Following the volatile month of January, U.S. equities got off to a strong start in February, bolstered by optimism around ongoing inoculations, improving COVID-19 trends, and the proposed stimulus plan. However, as the weeks progressed, continued upward pressure on interest rates negatively impacted stocks amid concerns around the potential implication for valuations. Despite the increase in yields, the S&P 500 Index rose 2.8% during the month; during this period, small-cap US equities outperformed, increasing 6.2%, as measured by the Russell 2000 Index. Outside the United States, the MSCI EAFE and MSCI Emerging Markets indexes posted gains of 2.2% and 0.8%, respectively, in February.
In fixed income, global yields moved higher as the market began pricing in higher growth and inflation expectations. In the U.S., the front-end of the curve remained relatively flat, while the belly and long-end of the yield curve moved notably higher. The curve steepening resulted in the widest spread between the 10- and 2-year yields since 2015. The 10- and 30-year yields increased 37 and 34 basis points, respectively, during the month. As such, rate-based indexes posted losses with the Barclays U.S. Treasury Index down 1.8% and the longer-dated Barclays Long Treasury Index falling 5.6% in February. In addition, spreads moved modestly lower in investment-grade credit. More significant spread tightening occurred in lower-quality securities with the option-adjusted spread on the Barclays U.S. Corporate High Yield Index tightening 36 basis points to 3.26%.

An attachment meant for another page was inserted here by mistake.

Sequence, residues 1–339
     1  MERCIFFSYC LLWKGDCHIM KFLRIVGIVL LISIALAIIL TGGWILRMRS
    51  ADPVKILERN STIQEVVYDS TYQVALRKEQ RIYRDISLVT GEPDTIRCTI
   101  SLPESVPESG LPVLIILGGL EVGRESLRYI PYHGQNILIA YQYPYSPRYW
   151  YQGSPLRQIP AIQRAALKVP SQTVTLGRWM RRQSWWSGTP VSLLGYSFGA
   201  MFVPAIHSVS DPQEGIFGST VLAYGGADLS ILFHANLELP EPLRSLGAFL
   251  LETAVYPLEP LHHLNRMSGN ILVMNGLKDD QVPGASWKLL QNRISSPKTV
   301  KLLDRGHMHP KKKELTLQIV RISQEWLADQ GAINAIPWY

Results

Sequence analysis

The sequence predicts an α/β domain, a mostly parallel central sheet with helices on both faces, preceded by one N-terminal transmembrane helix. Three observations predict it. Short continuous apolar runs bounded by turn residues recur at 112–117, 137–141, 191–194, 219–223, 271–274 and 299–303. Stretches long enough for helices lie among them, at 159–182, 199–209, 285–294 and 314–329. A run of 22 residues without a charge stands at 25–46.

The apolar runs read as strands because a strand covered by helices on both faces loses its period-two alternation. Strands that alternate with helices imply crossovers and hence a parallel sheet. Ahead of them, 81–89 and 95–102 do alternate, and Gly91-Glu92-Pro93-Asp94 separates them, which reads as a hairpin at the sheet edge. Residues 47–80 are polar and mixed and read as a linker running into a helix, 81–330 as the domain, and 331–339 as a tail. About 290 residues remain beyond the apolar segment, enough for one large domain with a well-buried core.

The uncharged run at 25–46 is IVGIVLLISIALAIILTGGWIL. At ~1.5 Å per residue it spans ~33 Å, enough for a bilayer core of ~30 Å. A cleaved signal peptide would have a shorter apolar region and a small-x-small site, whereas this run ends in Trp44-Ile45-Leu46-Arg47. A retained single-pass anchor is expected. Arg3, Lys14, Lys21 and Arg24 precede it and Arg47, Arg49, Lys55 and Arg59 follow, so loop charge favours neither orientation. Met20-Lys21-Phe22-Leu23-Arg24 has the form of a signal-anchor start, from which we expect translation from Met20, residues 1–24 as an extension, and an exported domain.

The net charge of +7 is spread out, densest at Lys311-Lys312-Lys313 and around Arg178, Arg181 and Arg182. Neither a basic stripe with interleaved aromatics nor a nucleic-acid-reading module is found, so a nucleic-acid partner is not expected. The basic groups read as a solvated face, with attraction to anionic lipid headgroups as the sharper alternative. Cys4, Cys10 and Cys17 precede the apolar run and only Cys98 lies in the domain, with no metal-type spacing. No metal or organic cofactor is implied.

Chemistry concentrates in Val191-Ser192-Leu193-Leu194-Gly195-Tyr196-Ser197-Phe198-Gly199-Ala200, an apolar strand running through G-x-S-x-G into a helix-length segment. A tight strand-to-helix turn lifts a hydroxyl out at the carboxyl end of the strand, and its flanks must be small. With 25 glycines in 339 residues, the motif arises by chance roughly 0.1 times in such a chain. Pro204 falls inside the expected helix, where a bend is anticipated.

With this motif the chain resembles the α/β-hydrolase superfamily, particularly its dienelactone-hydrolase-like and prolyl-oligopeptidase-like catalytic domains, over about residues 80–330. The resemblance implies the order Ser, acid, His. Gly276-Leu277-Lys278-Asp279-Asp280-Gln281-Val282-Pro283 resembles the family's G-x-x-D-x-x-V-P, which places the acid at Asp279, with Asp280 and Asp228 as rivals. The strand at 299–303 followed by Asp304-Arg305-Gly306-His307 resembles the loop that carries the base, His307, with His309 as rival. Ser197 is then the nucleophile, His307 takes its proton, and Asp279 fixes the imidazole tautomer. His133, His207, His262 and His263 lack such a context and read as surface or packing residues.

Within real assets, spot WTI crude oil extended its rally, increasing 17.9% in February; the rally reflects improving growth prospects and the impact of extreme weather in many areas of the U.S. Meanwhile, the broad Bloomberg Commodity Index was up 6.5%.
The improving macroeconomic backdrop has resulted in higher growth and inflation expectations in the near term. While the corresponding increase in interest rates is notable, we still recommend investors maintain a dedicated allocation to Treasuries to support liquidity levels and cash flow needs in the event of a market dislocation. Further, the ongoing support from monetary and fiscal interventions continues to provide a supportive environment for equities. To that end, we encourage investors to maintain strategic equity targets even in the face of modestly higher interest rates.